‘I would have been dead’ - drug addict speaks out after Redbridge charity closes
A former cocaine addict who believes his life was saved by drugs charity Drugsline, says he is “devastated” after it was forced to close on Monday.
Since the charity in Eastern Avenue, Redbridge, took its first phone call in 1989, it has helped tens of thousands of people.
The addict, who wants to be known as Gary, said: “It changed my life and saved my life. When I got in contact with them I was using most drugs. People don’t realise the devastation drugs cause, they annihilate life.”
He says that the personal and empathetic service offered by the charity was unique.
“I went to many places before to get help but none of them had the impact Drugsline had. Other services are a waste of time,” he said. “The session at Drugsline changed my whole outlook and way of life.”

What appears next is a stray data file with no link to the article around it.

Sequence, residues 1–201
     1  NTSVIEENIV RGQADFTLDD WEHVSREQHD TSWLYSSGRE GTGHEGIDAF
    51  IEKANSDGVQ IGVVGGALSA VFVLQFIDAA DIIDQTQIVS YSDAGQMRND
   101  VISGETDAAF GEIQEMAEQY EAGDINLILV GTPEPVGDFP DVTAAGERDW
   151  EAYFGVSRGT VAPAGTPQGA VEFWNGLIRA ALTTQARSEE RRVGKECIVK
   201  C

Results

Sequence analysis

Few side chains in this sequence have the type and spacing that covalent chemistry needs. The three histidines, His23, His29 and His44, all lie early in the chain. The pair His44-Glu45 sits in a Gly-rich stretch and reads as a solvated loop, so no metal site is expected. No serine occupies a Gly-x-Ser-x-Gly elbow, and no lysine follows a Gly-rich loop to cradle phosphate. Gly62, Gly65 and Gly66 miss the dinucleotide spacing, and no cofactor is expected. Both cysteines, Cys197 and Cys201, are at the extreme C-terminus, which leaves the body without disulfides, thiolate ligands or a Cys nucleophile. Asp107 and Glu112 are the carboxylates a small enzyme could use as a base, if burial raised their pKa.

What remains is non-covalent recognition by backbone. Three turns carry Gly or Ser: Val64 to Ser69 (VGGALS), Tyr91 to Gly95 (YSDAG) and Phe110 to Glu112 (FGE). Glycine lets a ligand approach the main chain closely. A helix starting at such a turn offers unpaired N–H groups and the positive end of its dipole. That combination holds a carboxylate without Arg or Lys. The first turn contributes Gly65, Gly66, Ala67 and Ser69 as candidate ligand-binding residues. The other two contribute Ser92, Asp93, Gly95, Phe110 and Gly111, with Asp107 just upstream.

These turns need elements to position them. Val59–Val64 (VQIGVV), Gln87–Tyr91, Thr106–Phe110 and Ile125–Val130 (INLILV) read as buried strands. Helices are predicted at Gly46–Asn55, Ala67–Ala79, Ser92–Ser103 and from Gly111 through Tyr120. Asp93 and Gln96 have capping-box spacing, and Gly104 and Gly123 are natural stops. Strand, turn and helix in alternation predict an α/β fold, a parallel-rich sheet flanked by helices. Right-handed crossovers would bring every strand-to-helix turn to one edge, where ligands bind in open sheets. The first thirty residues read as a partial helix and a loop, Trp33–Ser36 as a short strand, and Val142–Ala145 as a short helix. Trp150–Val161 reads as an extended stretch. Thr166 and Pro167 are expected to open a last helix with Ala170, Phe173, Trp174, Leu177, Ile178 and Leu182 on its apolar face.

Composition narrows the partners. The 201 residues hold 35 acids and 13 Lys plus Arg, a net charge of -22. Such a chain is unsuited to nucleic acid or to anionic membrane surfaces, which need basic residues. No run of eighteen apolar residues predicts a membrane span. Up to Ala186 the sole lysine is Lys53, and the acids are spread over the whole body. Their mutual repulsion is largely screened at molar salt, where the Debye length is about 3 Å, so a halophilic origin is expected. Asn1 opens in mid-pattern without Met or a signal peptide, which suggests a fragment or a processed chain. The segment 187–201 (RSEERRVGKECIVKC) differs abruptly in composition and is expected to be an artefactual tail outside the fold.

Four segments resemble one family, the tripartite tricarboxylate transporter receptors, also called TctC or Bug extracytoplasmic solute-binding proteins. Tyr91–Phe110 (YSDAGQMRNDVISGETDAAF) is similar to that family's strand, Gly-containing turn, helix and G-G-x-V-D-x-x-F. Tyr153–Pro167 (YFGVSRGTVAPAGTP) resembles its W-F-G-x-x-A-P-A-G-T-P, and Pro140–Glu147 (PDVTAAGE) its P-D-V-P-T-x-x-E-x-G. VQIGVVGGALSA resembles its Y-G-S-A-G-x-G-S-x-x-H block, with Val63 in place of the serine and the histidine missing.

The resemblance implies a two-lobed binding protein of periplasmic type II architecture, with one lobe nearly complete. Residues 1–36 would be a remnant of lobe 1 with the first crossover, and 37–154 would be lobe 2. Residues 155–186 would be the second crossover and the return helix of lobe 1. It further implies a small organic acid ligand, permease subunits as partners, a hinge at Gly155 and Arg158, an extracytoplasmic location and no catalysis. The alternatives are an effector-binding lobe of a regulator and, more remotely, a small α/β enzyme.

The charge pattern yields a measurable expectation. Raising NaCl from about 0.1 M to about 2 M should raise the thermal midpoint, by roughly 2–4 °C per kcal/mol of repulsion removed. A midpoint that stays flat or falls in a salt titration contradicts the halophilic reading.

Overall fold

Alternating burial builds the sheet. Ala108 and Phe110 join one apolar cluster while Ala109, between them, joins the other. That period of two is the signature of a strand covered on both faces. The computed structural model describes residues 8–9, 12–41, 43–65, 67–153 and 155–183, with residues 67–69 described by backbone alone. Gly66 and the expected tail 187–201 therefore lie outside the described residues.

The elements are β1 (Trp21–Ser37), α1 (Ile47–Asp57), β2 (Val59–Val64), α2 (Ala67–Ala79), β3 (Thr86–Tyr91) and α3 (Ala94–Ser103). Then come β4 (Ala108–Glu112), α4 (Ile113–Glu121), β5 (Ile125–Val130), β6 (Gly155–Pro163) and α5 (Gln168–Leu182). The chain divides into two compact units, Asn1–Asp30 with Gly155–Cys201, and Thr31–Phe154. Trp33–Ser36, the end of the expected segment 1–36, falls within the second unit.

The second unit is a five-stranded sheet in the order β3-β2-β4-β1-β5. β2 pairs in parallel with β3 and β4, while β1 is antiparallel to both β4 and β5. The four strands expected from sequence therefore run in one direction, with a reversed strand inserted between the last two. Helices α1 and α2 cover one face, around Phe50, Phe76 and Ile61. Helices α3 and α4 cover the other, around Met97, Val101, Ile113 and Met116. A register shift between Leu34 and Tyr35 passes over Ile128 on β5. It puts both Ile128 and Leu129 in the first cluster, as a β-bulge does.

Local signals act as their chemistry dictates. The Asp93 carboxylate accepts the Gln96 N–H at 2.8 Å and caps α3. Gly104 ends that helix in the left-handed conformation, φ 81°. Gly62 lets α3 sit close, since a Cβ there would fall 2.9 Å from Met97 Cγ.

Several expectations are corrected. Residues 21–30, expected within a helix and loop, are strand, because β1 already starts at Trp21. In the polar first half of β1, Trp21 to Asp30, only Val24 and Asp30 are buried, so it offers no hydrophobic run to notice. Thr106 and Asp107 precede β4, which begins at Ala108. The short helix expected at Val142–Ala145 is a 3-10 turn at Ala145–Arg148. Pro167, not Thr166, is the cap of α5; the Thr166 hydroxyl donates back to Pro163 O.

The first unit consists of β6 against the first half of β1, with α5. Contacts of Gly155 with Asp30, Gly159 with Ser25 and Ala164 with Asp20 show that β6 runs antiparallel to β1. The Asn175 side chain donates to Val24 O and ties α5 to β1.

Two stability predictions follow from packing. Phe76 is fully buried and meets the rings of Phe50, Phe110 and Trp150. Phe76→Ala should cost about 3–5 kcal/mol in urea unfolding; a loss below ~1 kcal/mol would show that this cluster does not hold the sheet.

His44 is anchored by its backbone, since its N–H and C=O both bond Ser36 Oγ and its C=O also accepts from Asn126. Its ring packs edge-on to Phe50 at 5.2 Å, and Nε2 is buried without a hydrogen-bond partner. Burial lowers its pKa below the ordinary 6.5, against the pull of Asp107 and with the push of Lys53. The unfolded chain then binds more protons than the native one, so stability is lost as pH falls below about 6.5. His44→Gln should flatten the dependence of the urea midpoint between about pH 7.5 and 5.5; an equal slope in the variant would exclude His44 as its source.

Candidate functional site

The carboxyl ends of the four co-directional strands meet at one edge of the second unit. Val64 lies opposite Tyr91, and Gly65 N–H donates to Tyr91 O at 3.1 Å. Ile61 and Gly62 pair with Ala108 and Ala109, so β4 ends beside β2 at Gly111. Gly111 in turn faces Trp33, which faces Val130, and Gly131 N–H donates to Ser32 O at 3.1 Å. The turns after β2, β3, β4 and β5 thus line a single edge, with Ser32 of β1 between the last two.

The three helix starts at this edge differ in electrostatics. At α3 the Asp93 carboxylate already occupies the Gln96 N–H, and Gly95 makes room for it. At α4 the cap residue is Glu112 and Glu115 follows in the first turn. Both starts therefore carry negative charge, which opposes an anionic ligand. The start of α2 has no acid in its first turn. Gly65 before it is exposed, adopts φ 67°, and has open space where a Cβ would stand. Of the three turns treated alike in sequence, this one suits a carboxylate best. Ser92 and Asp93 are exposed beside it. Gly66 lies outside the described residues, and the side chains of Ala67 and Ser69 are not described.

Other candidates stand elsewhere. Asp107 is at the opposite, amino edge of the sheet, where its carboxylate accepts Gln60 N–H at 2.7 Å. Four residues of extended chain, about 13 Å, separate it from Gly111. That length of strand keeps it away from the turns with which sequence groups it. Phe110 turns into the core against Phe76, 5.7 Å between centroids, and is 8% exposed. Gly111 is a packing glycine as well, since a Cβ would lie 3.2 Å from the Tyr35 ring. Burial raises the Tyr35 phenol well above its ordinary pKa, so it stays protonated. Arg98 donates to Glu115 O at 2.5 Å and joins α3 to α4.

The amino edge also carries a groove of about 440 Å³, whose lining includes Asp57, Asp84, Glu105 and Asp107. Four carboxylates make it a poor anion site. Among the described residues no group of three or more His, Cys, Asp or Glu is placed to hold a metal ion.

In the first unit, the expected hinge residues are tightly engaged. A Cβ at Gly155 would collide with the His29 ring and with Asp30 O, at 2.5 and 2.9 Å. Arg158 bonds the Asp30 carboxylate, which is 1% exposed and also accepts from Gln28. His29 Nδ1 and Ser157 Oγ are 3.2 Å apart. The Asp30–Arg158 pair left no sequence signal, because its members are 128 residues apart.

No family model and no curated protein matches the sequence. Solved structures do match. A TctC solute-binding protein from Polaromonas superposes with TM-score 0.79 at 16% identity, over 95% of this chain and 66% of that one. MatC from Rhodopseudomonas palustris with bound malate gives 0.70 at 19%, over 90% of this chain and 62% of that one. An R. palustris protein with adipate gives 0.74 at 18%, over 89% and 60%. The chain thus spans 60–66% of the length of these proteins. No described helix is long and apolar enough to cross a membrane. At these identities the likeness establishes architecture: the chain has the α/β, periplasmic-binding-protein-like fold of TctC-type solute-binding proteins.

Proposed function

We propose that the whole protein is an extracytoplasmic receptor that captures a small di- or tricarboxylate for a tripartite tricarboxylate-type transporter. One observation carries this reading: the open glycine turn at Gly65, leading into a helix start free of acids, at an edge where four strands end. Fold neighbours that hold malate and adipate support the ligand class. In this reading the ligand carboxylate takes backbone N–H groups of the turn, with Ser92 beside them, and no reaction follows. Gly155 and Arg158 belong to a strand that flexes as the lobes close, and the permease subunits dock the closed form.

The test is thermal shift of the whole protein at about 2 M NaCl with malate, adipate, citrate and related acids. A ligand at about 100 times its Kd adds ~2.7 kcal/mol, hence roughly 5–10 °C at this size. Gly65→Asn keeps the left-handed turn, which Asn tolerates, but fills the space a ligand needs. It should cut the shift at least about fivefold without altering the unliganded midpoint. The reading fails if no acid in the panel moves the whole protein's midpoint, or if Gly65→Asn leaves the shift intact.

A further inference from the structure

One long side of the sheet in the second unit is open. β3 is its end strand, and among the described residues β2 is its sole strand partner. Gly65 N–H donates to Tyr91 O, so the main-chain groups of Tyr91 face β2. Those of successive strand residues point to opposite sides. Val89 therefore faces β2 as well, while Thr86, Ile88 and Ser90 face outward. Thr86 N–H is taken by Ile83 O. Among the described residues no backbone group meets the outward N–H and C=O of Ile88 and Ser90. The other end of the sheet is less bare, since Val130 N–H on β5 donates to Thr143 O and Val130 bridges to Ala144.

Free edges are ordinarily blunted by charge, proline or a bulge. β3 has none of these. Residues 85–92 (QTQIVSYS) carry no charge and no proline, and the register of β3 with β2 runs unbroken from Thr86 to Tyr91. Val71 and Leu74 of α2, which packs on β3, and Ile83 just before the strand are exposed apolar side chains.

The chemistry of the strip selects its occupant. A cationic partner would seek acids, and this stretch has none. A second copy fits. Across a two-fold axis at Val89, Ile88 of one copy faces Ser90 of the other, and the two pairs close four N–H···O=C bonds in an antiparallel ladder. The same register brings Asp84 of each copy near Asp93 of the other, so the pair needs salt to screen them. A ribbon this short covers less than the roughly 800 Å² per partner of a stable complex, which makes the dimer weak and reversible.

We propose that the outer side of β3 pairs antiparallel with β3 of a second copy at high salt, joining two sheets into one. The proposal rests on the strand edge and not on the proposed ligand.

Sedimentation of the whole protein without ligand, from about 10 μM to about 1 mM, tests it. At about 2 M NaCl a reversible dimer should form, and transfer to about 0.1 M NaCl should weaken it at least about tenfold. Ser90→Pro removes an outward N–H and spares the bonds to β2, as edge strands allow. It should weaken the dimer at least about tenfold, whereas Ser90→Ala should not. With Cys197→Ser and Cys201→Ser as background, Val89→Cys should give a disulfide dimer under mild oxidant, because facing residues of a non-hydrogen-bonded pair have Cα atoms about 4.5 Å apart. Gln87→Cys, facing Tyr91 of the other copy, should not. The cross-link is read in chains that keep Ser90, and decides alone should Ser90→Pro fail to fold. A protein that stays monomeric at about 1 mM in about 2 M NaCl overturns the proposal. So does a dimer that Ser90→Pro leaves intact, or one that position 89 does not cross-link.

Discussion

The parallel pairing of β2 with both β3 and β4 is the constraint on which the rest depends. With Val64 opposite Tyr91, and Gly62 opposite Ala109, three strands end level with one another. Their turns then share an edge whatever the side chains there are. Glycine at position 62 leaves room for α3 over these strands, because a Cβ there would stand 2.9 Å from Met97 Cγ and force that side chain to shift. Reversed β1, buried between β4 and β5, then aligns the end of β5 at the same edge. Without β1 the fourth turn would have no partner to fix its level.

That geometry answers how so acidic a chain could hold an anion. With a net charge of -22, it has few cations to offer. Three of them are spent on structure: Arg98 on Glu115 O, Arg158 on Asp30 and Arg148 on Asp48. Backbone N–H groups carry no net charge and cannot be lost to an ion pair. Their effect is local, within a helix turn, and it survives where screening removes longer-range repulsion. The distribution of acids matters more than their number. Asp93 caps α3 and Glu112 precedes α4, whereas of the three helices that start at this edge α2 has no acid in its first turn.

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Gary was 37 when he first approached the charity for help with his addiction.
He said: “I was on the brink of suicide, I’d lost everything I had – business, house, marriage – and was massively in debt. I would not be here, not talking to you, I would have been dead, and that’s a fact.”
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Drugsline helped anyone with, or who was witnessing a loved one, struggle with any form of addiction whether drugs, alcohol or self-harming.
Founder Rabbi Aryeh Sufrin said: “It’s the young people who are going to lose out. To just care about humanity was the extent of what Drugsline was actually about.”
Drugsline had its funding pulled three years ago and since then it has relied on private funding.
Mr Sufrin added: “We came to the realisation that we don’t have the funding to be able to continue. Over the years we had many challenges and always managed to see them through, but not on this occasion.”